Jim Harbaugh is excited after the 45-14 blast of football from Michigan to Notre Dame on Saturday, October 26, 2019, in Ann Arbor.
Orion Sang, Detroit Free Press
Nine days ago, Michigan football left Beaver Stadium with a devastating loss.
The Wolverines made a brisk comeback after falling behind, 21-0, midway through the second quarter. They outscored Penn State, 21-7, the rest of the way and were one pass in the end zone and an extra point to tie the game.
Michigan's second defeat of the season loaded him with two conference losses, dramatically reducing his chances of winning the elusive Big Ten title.
There were a lot of grim faces in Happy Valley as Michigan players sat and answered questions about what they had been left to play. End of defense Quithe Pie spent much of his time on the podium with his head in his hands.
But the loss also seems to spark Michigan.
In the last week, the Werewolves have been united in their message. They said there was a lot to play. They could build on a failed return to Penn State. This focus would only be on their next opponent: then-No. 7 Notre Dame.
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On Saturday night, Michigan went out into the rain-soaked field and hammered. Fighting the Irish, earning their second victory in the top 10 of the Jim Harbaugh era. The Wolverines put together a complete performance, easily their best game of the season, and showed that they had much to prove.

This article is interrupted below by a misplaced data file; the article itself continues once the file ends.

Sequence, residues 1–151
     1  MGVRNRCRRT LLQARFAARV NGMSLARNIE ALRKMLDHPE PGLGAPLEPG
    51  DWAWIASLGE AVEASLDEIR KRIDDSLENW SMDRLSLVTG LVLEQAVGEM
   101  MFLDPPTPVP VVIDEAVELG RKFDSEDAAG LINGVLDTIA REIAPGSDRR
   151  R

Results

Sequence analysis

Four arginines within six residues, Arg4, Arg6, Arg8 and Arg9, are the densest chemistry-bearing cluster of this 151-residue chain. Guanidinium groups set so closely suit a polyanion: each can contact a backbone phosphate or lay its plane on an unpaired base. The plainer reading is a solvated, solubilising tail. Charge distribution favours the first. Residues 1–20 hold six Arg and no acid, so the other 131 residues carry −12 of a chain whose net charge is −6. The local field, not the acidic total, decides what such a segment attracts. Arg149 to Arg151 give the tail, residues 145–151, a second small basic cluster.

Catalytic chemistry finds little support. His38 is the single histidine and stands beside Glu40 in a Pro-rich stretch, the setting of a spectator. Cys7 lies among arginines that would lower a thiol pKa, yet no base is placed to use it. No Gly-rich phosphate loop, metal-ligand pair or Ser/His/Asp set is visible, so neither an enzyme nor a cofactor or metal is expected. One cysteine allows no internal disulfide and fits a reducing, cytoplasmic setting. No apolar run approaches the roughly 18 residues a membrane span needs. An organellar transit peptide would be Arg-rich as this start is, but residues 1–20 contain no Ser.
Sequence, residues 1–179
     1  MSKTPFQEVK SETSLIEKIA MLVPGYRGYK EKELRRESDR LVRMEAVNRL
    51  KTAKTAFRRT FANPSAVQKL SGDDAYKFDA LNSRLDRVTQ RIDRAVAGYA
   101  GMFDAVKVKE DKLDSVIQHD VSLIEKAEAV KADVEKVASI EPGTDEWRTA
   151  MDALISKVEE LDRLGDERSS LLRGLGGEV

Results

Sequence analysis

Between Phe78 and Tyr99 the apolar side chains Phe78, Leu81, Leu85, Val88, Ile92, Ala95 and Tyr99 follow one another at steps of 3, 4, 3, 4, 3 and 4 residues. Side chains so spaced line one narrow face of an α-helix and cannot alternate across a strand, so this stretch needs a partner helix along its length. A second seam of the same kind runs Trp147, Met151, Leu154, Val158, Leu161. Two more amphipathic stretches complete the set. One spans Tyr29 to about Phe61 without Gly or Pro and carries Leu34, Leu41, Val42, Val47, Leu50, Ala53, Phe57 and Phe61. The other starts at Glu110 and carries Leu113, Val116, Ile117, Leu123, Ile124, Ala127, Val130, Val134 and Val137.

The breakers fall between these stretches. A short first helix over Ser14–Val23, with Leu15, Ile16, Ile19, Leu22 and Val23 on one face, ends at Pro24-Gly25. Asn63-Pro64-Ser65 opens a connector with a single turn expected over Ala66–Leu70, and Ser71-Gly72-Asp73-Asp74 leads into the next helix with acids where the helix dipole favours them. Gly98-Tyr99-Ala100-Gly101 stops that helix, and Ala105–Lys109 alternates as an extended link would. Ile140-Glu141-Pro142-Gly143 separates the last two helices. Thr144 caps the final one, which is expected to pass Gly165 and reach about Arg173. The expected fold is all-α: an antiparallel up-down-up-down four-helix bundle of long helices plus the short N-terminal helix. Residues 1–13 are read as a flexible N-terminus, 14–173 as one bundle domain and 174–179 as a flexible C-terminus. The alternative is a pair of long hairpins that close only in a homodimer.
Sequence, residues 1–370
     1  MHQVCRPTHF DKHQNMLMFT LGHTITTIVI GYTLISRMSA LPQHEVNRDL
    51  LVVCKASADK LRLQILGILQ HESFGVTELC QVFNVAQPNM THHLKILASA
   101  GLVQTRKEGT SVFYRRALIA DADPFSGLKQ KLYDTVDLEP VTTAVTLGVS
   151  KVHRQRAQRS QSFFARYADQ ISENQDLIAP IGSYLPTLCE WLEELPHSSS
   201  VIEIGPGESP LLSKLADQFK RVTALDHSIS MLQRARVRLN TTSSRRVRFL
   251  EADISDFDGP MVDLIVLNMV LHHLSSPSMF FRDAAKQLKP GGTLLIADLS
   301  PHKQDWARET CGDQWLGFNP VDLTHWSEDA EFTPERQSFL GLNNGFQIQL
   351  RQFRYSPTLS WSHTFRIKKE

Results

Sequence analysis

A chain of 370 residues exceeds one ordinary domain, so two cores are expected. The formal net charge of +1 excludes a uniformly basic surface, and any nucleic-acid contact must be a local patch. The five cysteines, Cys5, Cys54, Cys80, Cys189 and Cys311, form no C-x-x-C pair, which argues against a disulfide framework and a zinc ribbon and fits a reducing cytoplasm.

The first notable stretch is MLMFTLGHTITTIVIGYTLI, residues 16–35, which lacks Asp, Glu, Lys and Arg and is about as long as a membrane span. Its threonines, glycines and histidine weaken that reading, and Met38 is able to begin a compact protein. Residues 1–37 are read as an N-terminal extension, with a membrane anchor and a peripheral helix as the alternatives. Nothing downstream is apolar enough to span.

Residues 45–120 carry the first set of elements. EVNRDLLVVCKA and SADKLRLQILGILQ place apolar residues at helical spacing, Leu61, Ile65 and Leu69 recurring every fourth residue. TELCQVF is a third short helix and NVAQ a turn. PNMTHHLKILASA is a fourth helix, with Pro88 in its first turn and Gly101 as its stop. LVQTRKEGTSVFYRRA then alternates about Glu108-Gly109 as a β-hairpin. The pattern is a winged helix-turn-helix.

"We're making the leaps," said line manager Cam McGrone. "And I believe we always have, we just clicked and, as I said, at Penn State, I think we really found what our team can do and that we can do it whenever we want."
to think that Michigan's 45-year-old novel over Notre Dame seemed familiar, it was.
Faced with non-stop play, the Wolverines revert to a proven game plan for defense and play, With heavy rain affecting both teams' ability to throw and catch the ball, Michigan essentially misses the passing game. In the first half, he had 34 times against four passing attempts.
Works to perfection. The Wolves scored 167 rushing yards in the first half and scored in three straight possessions. Both displaced and confused Notre Dame's front seven with an assortment of indoor and outdoor runways and traps.
Running backs Hassan Haskins and Zach Charbonnett had plenty of room to run and showed off their talent by making many solid cuts or jacks while creating yards after contact by breaking down.
Hasan Haskins runs against Notre Dame in the second half on Saturday. (Photo: Kirtmon F. Dozier, Detroit Free Press)
Meanwhile, defense – hit a hole early in Wisconsin and Penn State – has been solid from the start. Notre Dame won the toss and chose to receive; his initial pursuit was most successful by the third quarter and still ended with a point. The Irish were more balanced, with 15 breakthrough attempts and 13 runs in the first half, but to no avail. Michigan won the line of scrimmage, shut down the starter game and silenced an explosive pass game, pushing quarterback Ian Book and playing solid coverage.